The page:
Saturday, September 1, 2007

Allied bombing campaign - war museum controversy

By now everybody and his dog has weighed in on the National War Museum exhibit’s implicit hand-wringing over the allied bombing campaign during WWII. U of T professor Randall Hansen thinks the museum was mistaken in acceding to veterans’ demands that the exhibit be altered.

Naturally, as a right-wing war monger, I’m with the vets. This letter from a WWII RAF bomber pilot makes some excellent points much better than I ever could:

Letter published: Saturday, September 01, 2007
Re: The War Museum's Great Mistake, Randall Hansen, Aug. 31.

From his comfortable chair at the University of Toronto, Randall Hansen declares that objection to the objectionable plaque in the Canadian War Museum is "a national embarrassment."

He laments the fate of Dresden, Frankfurt, Hamburg, Stuttgart, Hanover, Darmstadt, Pforzheim and other German cities bombed during the Second World War, and raises the inflammatory spectre of women, children and old men being burned, boiled and asphyxiated while cowering in cellars.

Prof. Hansen's should know that the rules for aerial bombardment were laid down by Hitler, when the Luftwaffe savaged Warsaw in the war's early days. In May, 1940, long before the 1945 attack on Dresden, Rotterdam felt the brunt of the German's aerial assault. Next, London was set ablaze, Coventry was reduced to rubble, along with Birmingham, Newcastle, Portsmouth, Liverpool, Bournemouth. The list goes on.

We simply followed the rules that the Germans themselves had established, but in the end, we did it more effectively. Had we not, the campus at U of T would now be patrolled by the Gestapo. They would no doubt be applauding Randall Hensen's distorted view of history, but some among us consider it a national disgrace.

Les Morrison, Lancaster bomber pilot, Burlington, Ont.

Thank you Mr. Morrison! PoMo moralizers and hand-wringers like Randall Hansen and his ilk at the War Museum should drop dead. Churchill and the other leaders did what they thought at the time was necessary to defeat unarguably evil and brutal enemies. Trying to second-guess and pass moral judgement on their decisions sixty years after the fact is, at best, a waste of time.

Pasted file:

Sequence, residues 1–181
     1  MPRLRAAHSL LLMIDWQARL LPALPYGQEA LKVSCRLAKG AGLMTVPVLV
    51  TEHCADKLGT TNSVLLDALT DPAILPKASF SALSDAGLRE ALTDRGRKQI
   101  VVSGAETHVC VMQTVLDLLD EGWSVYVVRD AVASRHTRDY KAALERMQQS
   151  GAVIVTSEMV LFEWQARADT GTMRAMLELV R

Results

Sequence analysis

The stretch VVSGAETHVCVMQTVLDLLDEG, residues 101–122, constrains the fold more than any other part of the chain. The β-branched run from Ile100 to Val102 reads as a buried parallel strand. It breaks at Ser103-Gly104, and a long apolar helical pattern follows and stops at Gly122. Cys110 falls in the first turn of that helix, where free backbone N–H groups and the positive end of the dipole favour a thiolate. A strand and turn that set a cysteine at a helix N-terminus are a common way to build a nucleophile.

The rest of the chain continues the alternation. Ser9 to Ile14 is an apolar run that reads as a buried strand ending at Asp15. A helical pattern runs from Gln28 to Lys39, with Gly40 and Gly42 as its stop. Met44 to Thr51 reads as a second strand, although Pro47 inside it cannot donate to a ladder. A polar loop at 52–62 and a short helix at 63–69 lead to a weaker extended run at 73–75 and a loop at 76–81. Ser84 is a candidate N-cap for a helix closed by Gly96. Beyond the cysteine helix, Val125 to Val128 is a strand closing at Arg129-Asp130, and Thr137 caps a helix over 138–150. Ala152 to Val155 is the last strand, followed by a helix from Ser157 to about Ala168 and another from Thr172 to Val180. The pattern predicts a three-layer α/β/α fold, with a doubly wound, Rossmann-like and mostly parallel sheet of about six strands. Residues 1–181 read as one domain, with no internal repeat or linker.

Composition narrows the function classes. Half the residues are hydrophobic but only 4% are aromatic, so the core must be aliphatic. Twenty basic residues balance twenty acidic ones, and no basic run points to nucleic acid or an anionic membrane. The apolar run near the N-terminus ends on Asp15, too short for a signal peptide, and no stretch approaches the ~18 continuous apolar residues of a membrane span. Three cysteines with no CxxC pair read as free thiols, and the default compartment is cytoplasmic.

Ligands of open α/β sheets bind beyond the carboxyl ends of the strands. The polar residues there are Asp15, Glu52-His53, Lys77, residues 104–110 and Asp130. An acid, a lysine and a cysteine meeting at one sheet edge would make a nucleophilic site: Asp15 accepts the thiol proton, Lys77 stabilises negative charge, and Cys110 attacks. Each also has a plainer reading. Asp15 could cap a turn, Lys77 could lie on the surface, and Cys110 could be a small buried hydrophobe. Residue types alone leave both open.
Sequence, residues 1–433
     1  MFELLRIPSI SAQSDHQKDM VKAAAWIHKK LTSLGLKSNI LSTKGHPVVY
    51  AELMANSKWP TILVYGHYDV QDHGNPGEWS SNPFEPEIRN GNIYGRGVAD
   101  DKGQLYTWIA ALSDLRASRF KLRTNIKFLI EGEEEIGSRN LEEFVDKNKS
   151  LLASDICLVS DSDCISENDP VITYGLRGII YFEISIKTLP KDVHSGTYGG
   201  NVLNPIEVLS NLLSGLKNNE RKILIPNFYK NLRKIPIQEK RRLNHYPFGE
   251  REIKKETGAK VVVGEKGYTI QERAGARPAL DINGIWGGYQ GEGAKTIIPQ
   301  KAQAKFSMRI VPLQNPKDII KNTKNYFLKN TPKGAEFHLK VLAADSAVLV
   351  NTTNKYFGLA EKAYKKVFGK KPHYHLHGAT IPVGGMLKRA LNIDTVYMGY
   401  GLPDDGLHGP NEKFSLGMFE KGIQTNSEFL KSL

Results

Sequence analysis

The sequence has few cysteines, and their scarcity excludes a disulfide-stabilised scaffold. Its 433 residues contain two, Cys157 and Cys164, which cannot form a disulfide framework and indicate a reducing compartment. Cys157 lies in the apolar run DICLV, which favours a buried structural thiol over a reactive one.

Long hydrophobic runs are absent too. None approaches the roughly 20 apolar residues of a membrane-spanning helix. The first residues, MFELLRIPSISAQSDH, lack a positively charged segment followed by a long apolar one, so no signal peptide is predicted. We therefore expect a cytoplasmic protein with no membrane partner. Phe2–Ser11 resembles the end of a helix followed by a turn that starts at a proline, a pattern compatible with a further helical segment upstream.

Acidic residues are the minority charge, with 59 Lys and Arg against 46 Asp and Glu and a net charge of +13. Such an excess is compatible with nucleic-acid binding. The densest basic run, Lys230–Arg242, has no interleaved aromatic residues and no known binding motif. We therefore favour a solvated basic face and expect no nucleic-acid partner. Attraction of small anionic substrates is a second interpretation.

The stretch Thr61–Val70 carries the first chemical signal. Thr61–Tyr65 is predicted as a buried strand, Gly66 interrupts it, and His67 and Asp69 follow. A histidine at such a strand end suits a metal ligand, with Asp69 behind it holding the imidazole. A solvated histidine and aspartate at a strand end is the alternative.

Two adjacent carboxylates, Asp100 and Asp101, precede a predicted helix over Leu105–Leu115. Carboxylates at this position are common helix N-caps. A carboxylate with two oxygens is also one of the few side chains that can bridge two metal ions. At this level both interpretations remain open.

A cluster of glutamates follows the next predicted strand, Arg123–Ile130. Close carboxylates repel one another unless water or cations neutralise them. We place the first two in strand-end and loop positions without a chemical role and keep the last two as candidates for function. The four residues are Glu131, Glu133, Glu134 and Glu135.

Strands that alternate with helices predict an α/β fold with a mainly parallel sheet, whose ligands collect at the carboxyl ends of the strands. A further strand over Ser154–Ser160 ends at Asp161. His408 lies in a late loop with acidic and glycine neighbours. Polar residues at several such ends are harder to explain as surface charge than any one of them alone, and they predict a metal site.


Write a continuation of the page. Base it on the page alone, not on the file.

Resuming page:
Anonymous said...

Les MacPherson has a good column in the Saskatoon Star Phoenix. The gist of it is if you want to know if the bombing was effective, ask the Germans.
They certainly seemed to feel that it went a long way to winning the war.

Anonymous said...

Just sent this to the TS editor a couple of minutes ago: Paul Berton’s article on the War Museum “capitulating” is a good example on why the veterans taking action about inaccurate signage, for his article, like the contested sign, is based on opinion and not necessarily fact. The comment that leaps out at me from the museum script is the following: “The value and morality of the strategic bomber offensive against Germany remains bitterly contested.” By who? Who is “bitterly contesting” this issue? Certainly must be an enormous amount of people to earn a such a visible place and set the tone for the entire exhibit. The “who” I expect, it is a bunch of left wing historians that are trying to make a social statement, rather than stating fact and the reasons of the day for such a brutal campaign (which is also probably the reason they put Kyle Browns portrait is in the main lobby). Barry

JR said...

Anon, Thanks for the ref. MacPherson's column was excellent.

Anon (Barry), I agree. That "bitterly contested" crap is just one more ruse that lefty historians and other moral relativists use to try to make the Allies look as bad as the Nazis/Axis.

Anonymous said...

Just for the record, in an internal memo made public after the war Churchill conceded that the bombing of German cities was morally questionable and he had misgivings about it. So yes, this has been a controversial and contested issue since the beginning by more than just "lefty historians and moral relativists." If you believe that we should trust so much in the decisions made by Churchill and his counterparts, maybe you should follow their lead by thinking critically instead of blindly following the righty historians and propagandists.

Anonymous said...

What do you want your museums to convey? Is it a historical accurate picture or is it a picture of how we wished things were?

Who decides what is historically accurate? I say this is done by historians and NOT vets.

Most vets are kind and well meaning individuals but I do not attribute the ability to evaluate history to them. Sure they were there but there is a huge difference from being in the battle to understanding the forces that put you on the battlefield.

Having been involved in the battle does not automatically give you an accurate historical perspective. It should be intuitively obvious that vet's opinions would not be unbiased.

Churchill was no saint - far from it. If you read his opinions on the use of force on Iraqi villages (in the early 1900's) you will see that there is not much difference between him and his enemy in WWII.

If you believe that we did nothing wrong during WWII then fine, lets have this fairy tale reflected in the museum.

Ask yourself this: "where do we explain to the younger generations the mistakes that we made?" Ask yourself if there is any public institution where we say we made a mistake.

I close with this paraphrase of something I read recently:
What is the difference between throwing 500 babies into a fire and throwing fire from airplanes on 500 babies? The answer is none.